16 Jan New Year, New Course of Action?
It’s a tradition in my family that each New Year we undertake a ‘360 degree’ appraisal with each other as a group. This entails each person inviting the other three to comment on their ‘performance’ throughout the previous year, noting any special events or achievements but essentially commenting on any character traits that could be improved upon. What fun I hear you say! In truth, this can provide a brutally honest assessment from those dearest and nearest. This year, for some reason, I felt particularly vulnerable about my feedback. With so much change in the world of education recently, 2017 was a particularly busy year and I started to wonder if some of that ‘busyness’ may have spilled over into the home. Should I try and avoid this year’s ‘resolution gathering’ therefore, where we are each assigned three areas to work on; should I ‘square up’, with a ready-made defence and counter-argument; or should I just be accepting of what was to be delivered, with an open mind? Would the feed-back help build my resilience or create disharmony in our family and simply give me a reason to retaliate, when it came to my comments on others?!
Given that we are a close family that loves each other ‘warts and all’, I quickly came to the conclusion that I should be grateful that people who care for me and have my best interests at heart are prepared to give the time and provide a realistic opinion on how I might gain personal development in some way. As I heard said recently, you can’t clean a house until you can see the dirt!
On the theme of cleaning, I undertake most of the cleaning at home and sadly have developed a bit of an obsession over this task. However, I find that it not only provides good exercise but also helps you keep in touch with your home and monitor any areas that need maintenance or works of improvement. The same would seem to apply to ourselves, in that whilst we shouldn’t always look for the negatives in our lives or the ‘dirt’, it is perhaps right to recognise our faults and weaknesses, including any self-doubt or fears and then look for ways to ‘clean them’ and thereby remove the obstacles that block our personal progress.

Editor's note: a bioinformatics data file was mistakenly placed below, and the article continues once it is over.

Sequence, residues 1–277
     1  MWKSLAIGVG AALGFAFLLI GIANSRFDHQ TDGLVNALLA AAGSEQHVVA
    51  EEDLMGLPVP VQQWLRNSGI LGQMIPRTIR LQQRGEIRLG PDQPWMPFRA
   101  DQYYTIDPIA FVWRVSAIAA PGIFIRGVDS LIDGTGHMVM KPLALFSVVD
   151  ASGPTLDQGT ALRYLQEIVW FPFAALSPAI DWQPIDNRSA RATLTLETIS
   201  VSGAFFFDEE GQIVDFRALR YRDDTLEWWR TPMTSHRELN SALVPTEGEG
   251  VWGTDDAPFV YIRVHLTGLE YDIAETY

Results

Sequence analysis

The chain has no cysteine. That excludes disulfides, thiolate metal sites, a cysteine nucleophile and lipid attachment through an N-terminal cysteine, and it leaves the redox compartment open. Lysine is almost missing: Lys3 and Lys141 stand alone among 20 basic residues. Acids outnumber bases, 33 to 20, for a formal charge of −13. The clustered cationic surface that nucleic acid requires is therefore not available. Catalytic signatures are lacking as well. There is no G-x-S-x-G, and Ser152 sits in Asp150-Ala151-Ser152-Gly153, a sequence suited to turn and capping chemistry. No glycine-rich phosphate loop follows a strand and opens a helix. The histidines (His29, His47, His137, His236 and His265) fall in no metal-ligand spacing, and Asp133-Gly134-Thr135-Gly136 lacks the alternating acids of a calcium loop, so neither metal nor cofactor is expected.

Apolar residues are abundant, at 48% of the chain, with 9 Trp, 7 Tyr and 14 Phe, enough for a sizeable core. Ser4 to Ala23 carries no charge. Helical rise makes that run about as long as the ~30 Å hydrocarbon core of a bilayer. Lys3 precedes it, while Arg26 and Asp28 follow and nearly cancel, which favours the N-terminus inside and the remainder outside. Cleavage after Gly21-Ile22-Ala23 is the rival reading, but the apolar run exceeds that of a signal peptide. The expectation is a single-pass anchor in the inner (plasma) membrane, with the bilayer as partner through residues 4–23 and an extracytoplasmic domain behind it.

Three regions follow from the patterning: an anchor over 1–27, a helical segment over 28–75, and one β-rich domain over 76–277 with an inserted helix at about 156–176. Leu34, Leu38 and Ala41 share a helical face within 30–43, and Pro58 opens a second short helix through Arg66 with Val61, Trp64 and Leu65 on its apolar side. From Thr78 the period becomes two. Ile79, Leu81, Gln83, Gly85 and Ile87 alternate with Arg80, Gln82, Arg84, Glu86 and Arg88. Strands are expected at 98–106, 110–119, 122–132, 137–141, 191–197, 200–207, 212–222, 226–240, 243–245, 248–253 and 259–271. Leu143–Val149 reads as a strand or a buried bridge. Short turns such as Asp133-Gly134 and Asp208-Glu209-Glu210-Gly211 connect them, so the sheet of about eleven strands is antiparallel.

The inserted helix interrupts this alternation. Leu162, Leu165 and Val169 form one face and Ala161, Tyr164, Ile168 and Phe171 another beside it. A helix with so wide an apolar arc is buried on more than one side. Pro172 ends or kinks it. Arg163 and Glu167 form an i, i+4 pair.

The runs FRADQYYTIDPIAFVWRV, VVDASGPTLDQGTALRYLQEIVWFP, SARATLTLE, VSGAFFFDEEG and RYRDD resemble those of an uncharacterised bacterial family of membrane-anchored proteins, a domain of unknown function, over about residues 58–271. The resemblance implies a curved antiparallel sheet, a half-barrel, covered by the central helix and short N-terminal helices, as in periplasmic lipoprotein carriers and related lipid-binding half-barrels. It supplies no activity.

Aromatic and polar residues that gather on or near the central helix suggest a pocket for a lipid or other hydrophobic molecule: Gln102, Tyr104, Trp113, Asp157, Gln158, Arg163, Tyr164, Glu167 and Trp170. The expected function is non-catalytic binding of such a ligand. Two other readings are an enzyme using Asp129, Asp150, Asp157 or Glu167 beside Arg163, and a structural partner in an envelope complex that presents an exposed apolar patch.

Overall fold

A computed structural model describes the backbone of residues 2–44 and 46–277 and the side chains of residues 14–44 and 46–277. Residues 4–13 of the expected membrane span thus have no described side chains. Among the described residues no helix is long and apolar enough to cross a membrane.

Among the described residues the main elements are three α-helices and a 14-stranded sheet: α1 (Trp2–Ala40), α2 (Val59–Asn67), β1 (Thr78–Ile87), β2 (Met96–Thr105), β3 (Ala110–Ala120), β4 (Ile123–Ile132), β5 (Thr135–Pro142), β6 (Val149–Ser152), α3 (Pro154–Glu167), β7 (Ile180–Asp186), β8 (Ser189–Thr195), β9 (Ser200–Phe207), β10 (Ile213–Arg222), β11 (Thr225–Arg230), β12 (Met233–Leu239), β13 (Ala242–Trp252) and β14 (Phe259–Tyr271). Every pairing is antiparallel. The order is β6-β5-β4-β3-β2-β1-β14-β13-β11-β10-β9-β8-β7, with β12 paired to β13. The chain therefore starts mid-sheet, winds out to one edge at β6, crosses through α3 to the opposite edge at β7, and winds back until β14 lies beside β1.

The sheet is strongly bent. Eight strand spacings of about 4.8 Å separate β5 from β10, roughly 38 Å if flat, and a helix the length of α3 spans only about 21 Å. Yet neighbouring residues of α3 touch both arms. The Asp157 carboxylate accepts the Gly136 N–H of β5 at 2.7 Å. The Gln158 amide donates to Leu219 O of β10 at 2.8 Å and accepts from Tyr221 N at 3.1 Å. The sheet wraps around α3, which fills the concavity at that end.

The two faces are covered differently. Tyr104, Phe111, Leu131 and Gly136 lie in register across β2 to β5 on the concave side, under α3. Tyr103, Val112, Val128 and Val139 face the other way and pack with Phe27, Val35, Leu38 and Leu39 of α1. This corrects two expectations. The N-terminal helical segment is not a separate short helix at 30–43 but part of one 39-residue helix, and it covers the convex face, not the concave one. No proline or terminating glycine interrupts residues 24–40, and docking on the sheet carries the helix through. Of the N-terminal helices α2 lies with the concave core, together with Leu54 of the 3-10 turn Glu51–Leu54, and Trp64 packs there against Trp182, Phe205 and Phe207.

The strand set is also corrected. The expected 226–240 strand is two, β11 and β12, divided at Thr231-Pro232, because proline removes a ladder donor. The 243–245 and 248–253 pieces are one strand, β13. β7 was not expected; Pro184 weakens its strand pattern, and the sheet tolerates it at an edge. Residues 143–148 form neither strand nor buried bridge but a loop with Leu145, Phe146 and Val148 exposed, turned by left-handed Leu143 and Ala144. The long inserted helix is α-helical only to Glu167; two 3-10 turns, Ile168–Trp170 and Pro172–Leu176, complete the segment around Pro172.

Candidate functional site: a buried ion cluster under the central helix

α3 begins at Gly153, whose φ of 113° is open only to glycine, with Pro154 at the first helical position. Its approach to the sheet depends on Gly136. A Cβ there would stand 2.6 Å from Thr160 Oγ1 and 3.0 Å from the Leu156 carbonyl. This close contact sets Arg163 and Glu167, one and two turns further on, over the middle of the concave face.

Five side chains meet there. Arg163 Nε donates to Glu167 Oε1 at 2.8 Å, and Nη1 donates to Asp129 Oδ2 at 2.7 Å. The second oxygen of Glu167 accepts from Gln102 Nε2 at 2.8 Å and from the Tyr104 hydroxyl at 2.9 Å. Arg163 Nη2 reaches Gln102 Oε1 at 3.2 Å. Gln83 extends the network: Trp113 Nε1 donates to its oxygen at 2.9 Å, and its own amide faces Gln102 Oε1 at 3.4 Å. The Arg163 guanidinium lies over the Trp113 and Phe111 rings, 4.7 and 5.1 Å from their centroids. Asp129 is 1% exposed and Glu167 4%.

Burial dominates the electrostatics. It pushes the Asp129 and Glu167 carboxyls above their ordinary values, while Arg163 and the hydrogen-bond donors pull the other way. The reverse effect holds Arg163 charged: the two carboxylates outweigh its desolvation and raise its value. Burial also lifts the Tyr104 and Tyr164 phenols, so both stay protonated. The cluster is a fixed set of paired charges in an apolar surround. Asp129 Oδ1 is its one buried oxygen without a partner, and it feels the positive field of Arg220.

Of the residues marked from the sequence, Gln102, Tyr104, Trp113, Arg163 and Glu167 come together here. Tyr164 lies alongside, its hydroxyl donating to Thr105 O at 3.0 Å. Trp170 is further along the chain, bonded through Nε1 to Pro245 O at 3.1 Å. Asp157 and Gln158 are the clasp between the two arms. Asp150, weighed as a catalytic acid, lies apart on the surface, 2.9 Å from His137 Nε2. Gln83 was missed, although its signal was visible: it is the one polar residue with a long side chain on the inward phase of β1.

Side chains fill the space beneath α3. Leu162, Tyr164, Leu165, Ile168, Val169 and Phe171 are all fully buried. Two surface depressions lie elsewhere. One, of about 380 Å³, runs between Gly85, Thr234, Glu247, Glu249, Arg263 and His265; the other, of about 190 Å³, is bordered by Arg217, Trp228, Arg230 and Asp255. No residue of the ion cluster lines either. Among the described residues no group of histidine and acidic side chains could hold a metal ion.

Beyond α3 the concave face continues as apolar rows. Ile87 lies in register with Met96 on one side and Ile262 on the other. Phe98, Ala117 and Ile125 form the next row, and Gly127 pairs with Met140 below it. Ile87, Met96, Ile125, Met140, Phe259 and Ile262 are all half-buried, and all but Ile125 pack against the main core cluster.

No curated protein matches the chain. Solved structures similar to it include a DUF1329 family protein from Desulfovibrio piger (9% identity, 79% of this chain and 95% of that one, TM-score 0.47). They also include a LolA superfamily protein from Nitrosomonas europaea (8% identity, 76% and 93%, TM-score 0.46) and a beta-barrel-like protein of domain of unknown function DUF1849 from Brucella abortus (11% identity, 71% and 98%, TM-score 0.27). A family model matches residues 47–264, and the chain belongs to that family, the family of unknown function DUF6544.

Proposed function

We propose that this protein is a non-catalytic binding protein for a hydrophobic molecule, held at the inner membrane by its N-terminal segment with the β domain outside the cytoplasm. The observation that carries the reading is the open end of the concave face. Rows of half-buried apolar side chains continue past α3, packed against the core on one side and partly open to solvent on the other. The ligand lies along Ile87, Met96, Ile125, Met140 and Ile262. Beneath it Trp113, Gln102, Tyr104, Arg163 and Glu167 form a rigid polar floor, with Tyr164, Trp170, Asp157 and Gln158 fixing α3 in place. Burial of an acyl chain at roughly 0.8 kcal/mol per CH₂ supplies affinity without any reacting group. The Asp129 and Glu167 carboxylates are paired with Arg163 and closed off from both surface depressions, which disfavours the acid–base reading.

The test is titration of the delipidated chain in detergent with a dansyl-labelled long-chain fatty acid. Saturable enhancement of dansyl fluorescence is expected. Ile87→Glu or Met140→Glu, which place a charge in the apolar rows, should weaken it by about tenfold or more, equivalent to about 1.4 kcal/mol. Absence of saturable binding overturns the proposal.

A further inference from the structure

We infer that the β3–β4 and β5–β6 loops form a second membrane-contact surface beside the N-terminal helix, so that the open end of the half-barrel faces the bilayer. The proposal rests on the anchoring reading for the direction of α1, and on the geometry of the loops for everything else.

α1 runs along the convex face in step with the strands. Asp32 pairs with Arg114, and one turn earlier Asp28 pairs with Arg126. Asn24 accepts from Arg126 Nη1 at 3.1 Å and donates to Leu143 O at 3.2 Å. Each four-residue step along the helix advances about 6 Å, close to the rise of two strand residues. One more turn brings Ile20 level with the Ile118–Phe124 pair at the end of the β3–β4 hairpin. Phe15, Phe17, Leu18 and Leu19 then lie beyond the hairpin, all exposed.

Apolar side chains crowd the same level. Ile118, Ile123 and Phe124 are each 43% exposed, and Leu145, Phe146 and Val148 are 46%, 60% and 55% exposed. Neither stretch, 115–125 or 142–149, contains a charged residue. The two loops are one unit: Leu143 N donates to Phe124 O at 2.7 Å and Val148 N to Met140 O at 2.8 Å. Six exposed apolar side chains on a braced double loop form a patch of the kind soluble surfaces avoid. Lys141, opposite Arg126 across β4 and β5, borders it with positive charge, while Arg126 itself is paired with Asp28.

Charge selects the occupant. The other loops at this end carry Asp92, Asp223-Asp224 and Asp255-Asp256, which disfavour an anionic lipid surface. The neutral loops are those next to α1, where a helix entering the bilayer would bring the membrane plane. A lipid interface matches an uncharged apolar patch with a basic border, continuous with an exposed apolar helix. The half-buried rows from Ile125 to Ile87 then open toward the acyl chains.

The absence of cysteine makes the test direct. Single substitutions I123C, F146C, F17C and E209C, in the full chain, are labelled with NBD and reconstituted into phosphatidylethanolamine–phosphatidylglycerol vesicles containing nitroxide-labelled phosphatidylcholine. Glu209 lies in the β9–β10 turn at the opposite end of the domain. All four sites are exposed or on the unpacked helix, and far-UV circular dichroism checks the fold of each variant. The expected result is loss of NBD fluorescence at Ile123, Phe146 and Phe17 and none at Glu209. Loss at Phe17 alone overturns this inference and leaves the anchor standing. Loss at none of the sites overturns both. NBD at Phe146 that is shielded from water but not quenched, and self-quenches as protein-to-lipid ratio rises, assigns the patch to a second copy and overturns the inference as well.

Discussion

I was fortunate enough to attend a presentation recently from Tori James, the youngest Welsh woman to climb Everest, at the age of 25. She described her personal difficulties in this major challenge, particularly in the final stages before the ascent to the summit, where she felt most alone, isolated, physically and mentally exhausted and naturally fearing for her safety. She was asked how she overcame this part of the journey and responded that two thoughts sprang to mind. She had a sudden memory of making a Victorian sponge cake with her Grandmother, as a child. When asked to open the jam jar, she tried but was unable and handed it back to her Grandmother, who promptly replied ‘there’s no such thing as can’t’. She tried again but with a bit more effort and the top of the jar sprang-off! Secondly, she had been trained in her preparation for the climb to visualise herself standing on the summit, to help her push through such expected and almost inevitable times of self-doubt. What an incredible journey!
She also spoke of the importance of how to prepare for such a journey, such as taking an expert with you (someone who has experienced the journey already); using data to inform on progress, in reaching small milestones; remembering to celebrate reaching those milestones; making sure that you practise and fail early on, to learn and correct your path; and hanging on to the positive comments from those around you providing feedback; and lastly, keeping your foundations (in her case, her feet!) secure. It struck me that much of this good advice applies to the journey that we would take one of our own learners on, when they embark on a programme of learning at JACE. You can be sure that everyone at JACE is here to support and guide a learner through their apprenticeship, traineeship or study programme. However, like Tori, a learner must draw on their inner strength and be a self-starter to fully achieve. There will be times when they will be alone on that mountain, hypothetically speaking. Challenges will present themselves in many ways and how motivated they are will play a huge part in how they conquer their own issues. Only they can decide to be on time to a workshop or placement; to prepare for and sit an exam; and to complete course work on time. Invariably, when they don’t feel like they’ve done something well and are experiencing self-doubt, they will need to stay focused and carry on, in order to reach their goal but always with our continued support.
Whilst I won’t divulge the New Years resolutions assigned to me by my family, I do intend to keep cleaning, both at home but also cleaning out of my mind any negative self-doubts. I’ll also be taking a leaf out of Tori’s book, by visualising fulfilling my dreams for the New Year and beyond- good luck to you and your dreams for 2018. If that involves a decision to undertake a new course of learning, then JACE would be pleased to hear from you!